It’s all about the perspective: depending upon how you view things, you process information differently.
This is the crux of the findings of new research conducted by professors Pankaj Aggarwal and Sharmistha Law at the University of Toronto Scarborough (UTSC).
“Relationships are like a lens that changes what we see and how we see things,” says Aggarwal. Each relationship type has its own accepted norm or the ‘right’ way to behave. Depending on the particular relationship we have with others the norms of behavior are different, our way of viewing things is different.
For example, if you have a businesslike relationship with others, the interaction is very quid pro quo. You would expect to get back some rewards or benefits if you provide some benefits to others. However, if you have a friendship relationship with others, you may not want a return favor each time you help others.
“In this research we use the interpersonal relationship metaphor to study how it influences the way people process information,” explains professor Law.
Applying this relationship framework to a consumer-brand context, this research studies the type of features that consumers focus on, attend to and use when evaluating different brands and products.
In a friendship relationship, people care about each other’s general well-being. People take a big-picture perspective. Hence people can pay attention to information that relates to this overall big-picture.
On the other hand, in a businesslike relationship, people track every specific give-and-take interaction that they may have participated in. Nitty-gritty aspects become very important and people tend to attend to information that relates to very specific details.
This research suggests that the type of information that is considered relevant and important by consumers is different – big-picture more abstract features are more important when consumers have a friendship type of relationship with a brand, and very detailed, specific nitty-gritty features are more important when the relationship with a brand is more businesslike.
In three different studies, results showed that when the relationship with a brand is communal in nature (friendship-like), consumers are faster and more accurate in recognizing broad and generalized features (such as style of a clothing brand), more likely to list these broad features on their own, and they are more accepting of a brand extension that is only vaguely related to the original product category.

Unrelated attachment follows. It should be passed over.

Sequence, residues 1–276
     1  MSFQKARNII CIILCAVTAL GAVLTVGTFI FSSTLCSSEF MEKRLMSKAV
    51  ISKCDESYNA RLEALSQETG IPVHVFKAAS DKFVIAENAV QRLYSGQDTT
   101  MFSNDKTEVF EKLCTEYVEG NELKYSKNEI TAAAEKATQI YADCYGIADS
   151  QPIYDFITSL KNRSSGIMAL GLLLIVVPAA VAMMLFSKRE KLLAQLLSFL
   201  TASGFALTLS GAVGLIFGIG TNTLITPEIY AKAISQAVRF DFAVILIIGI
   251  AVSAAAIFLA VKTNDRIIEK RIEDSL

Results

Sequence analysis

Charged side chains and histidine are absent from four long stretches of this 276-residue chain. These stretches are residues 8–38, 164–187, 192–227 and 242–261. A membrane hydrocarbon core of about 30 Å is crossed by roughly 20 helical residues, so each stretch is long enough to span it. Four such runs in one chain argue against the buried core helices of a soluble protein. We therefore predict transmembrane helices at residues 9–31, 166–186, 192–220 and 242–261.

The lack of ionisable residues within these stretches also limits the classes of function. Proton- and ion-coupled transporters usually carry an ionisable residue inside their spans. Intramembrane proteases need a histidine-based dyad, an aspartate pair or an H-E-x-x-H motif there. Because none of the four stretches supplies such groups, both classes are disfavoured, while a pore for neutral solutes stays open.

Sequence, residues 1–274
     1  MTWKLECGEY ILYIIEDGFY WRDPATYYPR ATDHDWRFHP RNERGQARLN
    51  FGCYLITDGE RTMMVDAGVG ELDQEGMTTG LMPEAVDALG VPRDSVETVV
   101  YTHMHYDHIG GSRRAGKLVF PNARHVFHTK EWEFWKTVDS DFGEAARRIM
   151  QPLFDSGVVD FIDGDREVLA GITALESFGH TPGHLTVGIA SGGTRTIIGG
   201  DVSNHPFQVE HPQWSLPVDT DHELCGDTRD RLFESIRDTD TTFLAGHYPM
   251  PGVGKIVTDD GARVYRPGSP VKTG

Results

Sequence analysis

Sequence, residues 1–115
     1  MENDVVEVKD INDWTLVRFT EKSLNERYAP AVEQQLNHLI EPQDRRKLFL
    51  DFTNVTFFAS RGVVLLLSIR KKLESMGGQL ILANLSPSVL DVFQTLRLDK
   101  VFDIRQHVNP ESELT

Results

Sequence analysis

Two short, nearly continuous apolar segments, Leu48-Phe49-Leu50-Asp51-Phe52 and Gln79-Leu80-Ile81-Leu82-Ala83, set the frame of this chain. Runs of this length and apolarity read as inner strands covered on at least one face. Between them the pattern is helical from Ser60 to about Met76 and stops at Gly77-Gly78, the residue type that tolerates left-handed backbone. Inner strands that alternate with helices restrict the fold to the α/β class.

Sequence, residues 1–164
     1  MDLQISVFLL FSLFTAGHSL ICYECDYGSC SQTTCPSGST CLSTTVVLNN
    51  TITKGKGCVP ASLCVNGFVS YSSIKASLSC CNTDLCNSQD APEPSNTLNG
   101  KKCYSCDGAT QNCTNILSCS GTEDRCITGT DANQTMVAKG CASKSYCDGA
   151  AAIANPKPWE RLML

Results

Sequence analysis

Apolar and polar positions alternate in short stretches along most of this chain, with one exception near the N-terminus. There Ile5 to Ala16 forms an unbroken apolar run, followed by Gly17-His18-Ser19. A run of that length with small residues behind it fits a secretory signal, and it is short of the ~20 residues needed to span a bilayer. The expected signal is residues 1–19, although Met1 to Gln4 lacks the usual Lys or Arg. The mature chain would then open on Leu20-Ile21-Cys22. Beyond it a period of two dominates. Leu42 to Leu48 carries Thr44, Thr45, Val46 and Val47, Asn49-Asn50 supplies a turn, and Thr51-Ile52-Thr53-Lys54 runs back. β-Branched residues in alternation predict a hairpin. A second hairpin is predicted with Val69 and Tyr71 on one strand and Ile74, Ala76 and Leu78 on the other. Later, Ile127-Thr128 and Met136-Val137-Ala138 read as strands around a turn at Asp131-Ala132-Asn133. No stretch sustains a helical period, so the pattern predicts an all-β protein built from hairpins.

However, when the relationship with the brand is exchange in nature (businesslike), consumers are faster and more accurate in recognizing very detailed and specific features (such as particular color or fabric of a clothing brand), more likely to list these nitty-gritty features on their own, and less willing to accept a brand extension unrelated to the original product category.
This research has an important message for practitioners. Managers might be well advised to highlight different brand features, or gainfully extend a brand name to different products, depending on the type of relationship their brand has developed with the consumers.
It is not just important to be able to differentiate your brand anymore; it is critical to highlight features that consumers expect in that relationship. And for that managers need to first ensure that they understand what relationship their brand has formed with the consumers. Unless the mangers can see the brand from the consumers’ perspective using the relevant relationship lens, they may not be able to know what features to highlight -- or what buttons to push.